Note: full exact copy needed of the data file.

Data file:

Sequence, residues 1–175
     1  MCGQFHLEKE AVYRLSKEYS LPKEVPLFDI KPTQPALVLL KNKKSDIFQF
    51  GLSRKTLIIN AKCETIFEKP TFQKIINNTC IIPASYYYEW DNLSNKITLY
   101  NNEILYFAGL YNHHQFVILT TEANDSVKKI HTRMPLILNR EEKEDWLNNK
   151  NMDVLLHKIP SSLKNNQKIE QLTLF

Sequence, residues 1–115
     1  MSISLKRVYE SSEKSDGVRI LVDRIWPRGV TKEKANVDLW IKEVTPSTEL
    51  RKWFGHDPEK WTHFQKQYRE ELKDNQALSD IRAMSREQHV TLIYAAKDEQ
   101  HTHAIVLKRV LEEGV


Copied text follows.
Sequence, residues 1–175
     1  MCGQFHLEKE AVYRLSKEYS LPKEVPLFDI KPTQPALVLL KNKKSDIFQF
    51  GLSRKTLIIN AKCETIFEKP TFQKIINNTC IIPASYYYEW DNLSNKITLY
   101  NNEILYFAGL YNHHQFVILT TEANDSVKKI HTRMPLILNR EEKEDWLNNK
   151  NMDVLLHKIP SSLKNNQKIE QLTLF

Sequence, residues 1–115
     1  MSISLKRVYE SSEKSDGVRI LVDRIWPRGV TKEKANVDLW IKEVTPSTEL
    51  RKWFGHDPEK WTHFQKQYRE ELKDNQALSD IRAMSREQHV TLIYAAKDEQ
   101  HTHAIVLKRV LEEGV